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Book Review, NRJ 66.2

June 04, 2021 11:12 AM | David Eddy (Administrator)

Britain and the Ocean Road: Shipwrecks & People 1297-1825

Ian Friel

The word shipwreck brings to mind horrific events and harrowing rescues. For most, they are rarely sources of information about the social, political, economic, and cultural forces from whence they came. Dr. Ian Friel, in Britain and the Ocean Road, takes the stories of the wrecking events of shipwrecks to explore the social, political, economic and cultural forces at work in Britain between 1297 and 1825. The wrecks featured in this work are neither extraordinary nor filled with treasure, but representative of important trends in Britain’s rise to maritime supremacy. Friel, a renowned maritime historian, uses his collections and research experience to weave a tale to Britain’s maritime supremacy in his first volume, Britain and the Ocean Road.

Friel begins focusing on the beginnings of Britain’s rise to maritime supremacy in the Middle Ages with the twenty-three vessels burned in 1297 as a part of an internal conflict between Yarmouth and the Cinque Ports over maritime trade and fishing rights. Moving forward in time, the cog Anne and other pilgrimage vessels of the fifteenth century represent Britain’s first major foray outside of the immediate area of the British Isles. This expansionist effort continues through the next two chapters discussing the birth of the British Royal Navy, represented by Regent, and the birth of the East India Company with Trade’s Increase.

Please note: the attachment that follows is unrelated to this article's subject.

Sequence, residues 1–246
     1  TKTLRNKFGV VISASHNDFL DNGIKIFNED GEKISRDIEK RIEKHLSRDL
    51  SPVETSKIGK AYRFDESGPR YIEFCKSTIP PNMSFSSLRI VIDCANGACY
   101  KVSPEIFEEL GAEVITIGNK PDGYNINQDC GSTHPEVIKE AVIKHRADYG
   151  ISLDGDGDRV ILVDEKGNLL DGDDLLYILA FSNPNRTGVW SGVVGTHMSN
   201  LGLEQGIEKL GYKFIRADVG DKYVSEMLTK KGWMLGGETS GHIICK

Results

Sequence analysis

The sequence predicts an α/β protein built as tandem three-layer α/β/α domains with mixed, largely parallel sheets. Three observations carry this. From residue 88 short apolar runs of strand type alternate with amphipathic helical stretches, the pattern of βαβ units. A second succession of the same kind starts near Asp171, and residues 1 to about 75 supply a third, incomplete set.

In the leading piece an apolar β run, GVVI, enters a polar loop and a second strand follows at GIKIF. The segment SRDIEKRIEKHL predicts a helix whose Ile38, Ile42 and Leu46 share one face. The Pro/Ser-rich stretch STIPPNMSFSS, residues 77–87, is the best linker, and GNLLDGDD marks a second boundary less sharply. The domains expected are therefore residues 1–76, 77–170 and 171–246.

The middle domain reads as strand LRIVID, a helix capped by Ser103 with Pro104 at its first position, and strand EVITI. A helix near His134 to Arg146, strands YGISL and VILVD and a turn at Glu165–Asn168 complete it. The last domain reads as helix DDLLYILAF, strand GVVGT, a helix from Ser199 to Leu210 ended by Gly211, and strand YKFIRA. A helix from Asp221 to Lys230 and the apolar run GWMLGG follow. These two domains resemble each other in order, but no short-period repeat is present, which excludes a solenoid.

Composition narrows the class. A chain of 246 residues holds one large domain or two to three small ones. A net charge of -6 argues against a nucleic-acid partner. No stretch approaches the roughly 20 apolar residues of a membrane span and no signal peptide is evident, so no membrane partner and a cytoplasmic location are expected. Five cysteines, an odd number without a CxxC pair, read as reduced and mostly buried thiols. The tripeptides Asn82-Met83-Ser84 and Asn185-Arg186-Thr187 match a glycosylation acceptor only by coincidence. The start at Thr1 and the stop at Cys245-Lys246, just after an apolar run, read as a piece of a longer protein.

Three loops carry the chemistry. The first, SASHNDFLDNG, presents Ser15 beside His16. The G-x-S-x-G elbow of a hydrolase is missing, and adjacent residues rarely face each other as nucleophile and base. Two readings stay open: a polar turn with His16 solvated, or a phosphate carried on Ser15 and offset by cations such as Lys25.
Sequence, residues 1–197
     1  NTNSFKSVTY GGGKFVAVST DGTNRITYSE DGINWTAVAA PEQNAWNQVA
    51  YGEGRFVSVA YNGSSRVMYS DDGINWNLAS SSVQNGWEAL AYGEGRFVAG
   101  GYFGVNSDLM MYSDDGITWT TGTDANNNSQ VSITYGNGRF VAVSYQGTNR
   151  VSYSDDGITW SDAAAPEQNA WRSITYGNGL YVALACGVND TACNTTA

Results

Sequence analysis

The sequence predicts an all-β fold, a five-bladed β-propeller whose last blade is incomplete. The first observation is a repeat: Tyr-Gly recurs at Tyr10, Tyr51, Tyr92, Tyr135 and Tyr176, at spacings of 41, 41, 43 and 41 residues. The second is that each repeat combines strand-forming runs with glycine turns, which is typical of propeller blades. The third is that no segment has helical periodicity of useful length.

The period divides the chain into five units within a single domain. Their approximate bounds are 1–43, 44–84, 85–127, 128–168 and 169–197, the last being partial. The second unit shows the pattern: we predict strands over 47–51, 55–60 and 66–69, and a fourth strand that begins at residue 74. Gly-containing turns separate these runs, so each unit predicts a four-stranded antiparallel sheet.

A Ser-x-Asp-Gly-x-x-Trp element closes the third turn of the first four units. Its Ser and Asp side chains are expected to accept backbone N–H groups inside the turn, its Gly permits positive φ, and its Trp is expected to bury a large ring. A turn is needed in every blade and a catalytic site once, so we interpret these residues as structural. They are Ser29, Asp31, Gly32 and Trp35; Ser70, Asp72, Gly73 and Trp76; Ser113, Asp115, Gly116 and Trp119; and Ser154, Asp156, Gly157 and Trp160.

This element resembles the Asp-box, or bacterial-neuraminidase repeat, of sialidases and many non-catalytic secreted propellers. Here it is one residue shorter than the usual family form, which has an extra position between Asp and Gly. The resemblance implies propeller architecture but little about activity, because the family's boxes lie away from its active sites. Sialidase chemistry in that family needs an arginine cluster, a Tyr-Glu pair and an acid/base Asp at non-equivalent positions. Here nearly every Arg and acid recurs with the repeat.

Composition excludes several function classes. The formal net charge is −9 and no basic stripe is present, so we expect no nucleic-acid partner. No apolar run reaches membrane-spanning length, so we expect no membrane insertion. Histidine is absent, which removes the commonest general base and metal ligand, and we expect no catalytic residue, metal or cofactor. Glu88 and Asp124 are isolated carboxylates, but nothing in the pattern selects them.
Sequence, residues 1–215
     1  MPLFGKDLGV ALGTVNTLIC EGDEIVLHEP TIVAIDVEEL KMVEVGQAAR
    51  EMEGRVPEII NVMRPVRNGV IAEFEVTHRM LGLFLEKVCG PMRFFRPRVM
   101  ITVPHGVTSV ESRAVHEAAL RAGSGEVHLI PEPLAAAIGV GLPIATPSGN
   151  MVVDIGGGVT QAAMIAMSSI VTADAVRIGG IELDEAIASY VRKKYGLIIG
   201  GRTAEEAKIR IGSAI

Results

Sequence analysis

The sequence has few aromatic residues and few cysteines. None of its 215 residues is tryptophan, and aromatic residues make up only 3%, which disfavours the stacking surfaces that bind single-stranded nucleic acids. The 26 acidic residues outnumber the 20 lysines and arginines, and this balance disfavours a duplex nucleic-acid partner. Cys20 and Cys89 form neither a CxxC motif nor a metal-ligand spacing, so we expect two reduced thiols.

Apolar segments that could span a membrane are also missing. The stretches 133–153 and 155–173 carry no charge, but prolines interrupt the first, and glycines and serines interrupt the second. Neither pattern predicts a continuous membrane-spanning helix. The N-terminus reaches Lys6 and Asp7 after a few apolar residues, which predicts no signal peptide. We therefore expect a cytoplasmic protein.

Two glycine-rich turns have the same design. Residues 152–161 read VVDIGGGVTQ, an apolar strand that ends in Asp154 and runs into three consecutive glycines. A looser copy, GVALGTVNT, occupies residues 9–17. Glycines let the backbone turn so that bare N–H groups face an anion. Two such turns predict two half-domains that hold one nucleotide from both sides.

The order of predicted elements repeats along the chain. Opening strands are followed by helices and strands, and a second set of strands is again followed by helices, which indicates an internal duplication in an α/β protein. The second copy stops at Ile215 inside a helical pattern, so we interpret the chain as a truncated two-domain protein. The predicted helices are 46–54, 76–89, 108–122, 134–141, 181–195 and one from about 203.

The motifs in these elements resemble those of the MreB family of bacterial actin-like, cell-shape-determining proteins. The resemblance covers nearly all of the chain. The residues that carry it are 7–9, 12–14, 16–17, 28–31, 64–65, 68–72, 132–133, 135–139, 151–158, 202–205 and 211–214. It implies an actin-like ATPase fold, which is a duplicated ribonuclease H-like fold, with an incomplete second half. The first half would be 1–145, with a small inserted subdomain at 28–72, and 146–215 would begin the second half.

The second part of the work focuses on the solidification of Britain’s maritime supremacy and its global expansion. A portion of the second part of the work deals with the Royal Navy’s prowess. Using the stories of the three pirate vessels Resolution and of the wars with France through Berwick, Friel shows the solidification of Britain’s control and tactical prowess both against marauders and national navies. The last two chapters focuses on the economic capabilities of Britain’s oceanic prowess—slavery and exploration. Discussing Eliza and Fury, Friel indicates the economic necessity for controlling the seas and emphasizing the success Britain attained in having such dominance.

Dr. Friel weaves an intricate web of archaeological, historical documents, and material culture evidence to tell the tale of Britain’s rise to a maritime power. The multitude of sources allows Friel to place the various wrecks within the larger historical contexts of the time period discussed in each chapter. This approach reaches all audience through the excitement of a shipwreck and allows Friel to explore Britain, its people, and their relationship with the sea. Friel also discusses in depth through the available sources the technological advances that allowed Britain to attain sea dominance, which features into the lives of the British people during each time period.

Britain and the Ocean Road eloquently discusses the rise and solidification of Britain’s maritime supremacy from 1297 through 1825. Friel’s extensive research and accessible writing style makes this work relevant for the general public and researchers as a source for understanding Britain’s extensive maritime history with a unique approach of using shipwrecks as the starting point of the conversation.

  • Barnsley: Pen & Sword Books, 2020
  • 6-1/2” x 9-1/2”, hardcover, xii + 204 pages
  • Illustrations, maps, notes, bibliography, index. $49.95
  • ISBN: 9781526738363

Reviewed by Allyson Ropp, North Carolina Office of State Archaeology


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